“Any given employer, there’s many different ways in which they could staff their company, there’s different paths they could end up on,” Dr. Miller pointed out. “A role regulation can play is it can affect what path a company takes.” If Mr. Biden prods companies to pay better if they want to work with the federal government, it may very well set them on the road of higher compensation permanently.

In the last days of his administration, President Bill Clinton attempted to use this executive power to raise standards for federal contractors by requiring firms to comply with employment laws, but the Bush administration paused and eventually reversed this effort.

President Barack Obama took up the mantle, however. In early 2014, he issued an executive order that increased the minimum wage for federal contract workers to $10.10 an hour for more than 180,000 federal contractors. He also baked in annual increases based on inflation and required contractors to give employees seven days of paid sick leave a year.

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The effects of Mr. Obama’s orders are, unfortunately, not clear, mostly thanks to data limitations. The data on federal contractors is scant and sketchy. “The best estimates we have are extrapolations from estimates the Department of Labor conducted in the early ’90s,” Karla Walter, senior director of employment policy at the Center for American Progress, said. (It’s a question, in fact, that Mr. Biden could help answer by requiring the data to be collected.) But the best guess is that about 25 percent of the entire U.S. work force works for companies that contract with the federal government.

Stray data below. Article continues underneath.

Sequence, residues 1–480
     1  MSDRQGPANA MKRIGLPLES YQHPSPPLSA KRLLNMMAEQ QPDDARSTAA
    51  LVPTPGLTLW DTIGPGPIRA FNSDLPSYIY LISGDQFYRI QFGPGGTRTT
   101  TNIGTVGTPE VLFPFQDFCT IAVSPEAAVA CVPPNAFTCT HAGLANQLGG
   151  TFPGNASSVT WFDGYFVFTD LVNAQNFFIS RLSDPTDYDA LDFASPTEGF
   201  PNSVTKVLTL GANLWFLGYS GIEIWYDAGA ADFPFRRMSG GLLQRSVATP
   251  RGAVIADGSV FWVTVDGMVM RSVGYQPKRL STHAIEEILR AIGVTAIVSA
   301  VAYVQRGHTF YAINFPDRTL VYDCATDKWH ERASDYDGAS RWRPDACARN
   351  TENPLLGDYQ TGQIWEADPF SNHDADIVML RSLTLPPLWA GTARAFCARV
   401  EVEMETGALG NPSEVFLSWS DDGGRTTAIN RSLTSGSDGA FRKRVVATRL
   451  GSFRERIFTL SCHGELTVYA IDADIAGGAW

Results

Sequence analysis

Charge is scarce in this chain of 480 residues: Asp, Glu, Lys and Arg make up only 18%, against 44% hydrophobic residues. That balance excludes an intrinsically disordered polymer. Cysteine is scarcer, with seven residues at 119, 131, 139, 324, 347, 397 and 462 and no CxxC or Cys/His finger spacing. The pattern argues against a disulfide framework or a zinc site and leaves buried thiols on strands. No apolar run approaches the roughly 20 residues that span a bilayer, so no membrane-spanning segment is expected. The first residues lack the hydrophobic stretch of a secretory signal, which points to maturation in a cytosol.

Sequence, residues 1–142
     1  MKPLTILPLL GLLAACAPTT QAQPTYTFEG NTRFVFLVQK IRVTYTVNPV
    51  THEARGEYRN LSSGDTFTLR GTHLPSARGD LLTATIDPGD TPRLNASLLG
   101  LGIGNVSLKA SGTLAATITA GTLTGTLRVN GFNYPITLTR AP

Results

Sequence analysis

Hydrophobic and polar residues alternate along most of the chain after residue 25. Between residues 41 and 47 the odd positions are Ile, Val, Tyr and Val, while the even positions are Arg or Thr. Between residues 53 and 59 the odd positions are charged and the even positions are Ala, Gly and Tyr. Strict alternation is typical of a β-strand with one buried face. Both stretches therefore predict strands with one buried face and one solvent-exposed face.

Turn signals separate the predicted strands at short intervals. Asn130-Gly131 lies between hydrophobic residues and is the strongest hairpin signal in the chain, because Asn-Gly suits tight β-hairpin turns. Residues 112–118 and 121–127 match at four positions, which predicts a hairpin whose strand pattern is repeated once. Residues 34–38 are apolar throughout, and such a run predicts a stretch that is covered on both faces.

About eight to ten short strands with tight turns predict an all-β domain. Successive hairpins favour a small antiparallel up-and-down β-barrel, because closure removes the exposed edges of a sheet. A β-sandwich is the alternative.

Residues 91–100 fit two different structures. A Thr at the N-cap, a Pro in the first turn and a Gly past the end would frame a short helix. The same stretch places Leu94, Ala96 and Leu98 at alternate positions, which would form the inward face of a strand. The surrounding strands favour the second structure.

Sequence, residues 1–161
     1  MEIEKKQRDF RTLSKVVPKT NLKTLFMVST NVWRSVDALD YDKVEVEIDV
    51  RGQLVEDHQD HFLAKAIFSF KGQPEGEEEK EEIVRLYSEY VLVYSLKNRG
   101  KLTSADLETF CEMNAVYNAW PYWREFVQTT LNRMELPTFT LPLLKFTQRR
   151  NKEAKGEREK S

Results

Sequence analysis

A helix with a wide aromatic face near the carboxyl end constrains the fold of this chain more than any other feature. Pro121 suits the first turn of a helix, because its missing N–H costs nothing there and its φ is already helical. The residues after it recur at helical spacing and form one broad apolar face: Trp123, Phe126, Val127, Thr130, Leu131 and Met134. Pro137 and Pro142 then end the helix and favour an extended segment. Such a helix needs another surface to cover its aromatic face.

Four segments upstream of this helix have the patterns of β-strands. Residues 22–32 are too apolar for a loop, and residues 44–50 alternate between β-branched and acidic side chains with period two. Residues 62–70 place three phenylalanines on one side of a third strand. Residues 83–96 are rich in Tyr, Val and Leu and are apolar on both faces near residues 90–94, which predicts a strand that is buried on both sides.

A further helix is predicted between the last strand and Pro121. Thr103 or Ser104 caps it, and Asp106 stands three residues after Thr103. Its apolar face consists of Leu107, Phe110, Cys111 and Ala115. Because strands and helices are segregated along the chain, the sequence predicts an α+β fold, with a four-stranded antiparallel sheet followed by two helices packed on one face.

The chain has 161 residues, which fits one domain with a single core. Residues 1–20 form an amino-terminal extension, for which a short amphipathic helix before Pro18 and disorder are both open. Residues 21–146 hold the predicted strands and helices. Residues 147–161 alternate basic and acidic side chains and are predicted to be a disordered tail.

We can still assume Mr. Obama’s actions had far-reaching impacts, according to the economists I spoke to, and that it will be the same if Mr. Biden goes even further than his former boss. “Contracting is continuing to grow,” Ms. Walter pointed out, “so there will be a broader and broader impact.”

Thanks to the Service Contract Act of 1965, which requires federal contractors to pay prevailing wages, people working on contracts in high-paying occupations are almost certainly already making more than $15 an hour. It’s the workers who are in low-wage industries — the people feeding members of Congress in their cafeterias, picking up their trash, securing their buildings — that stand to see a direct benefit. “What this kind of executive order can do is really help to pull up that bottom group of workers,” Dr. Christman of the National Employment Law Project noted.

They’re not the only ones who stand to benefit, though. Firms are likely to raise wages for other employees if one set of them gets a pay increase, in order to keep things fair. That’s a clear dynamic that emerges after certain states raised their minimum wages — they don’t just directly raise pay for those earning less than the new floor, but for their co-workers who already earned at or just above it.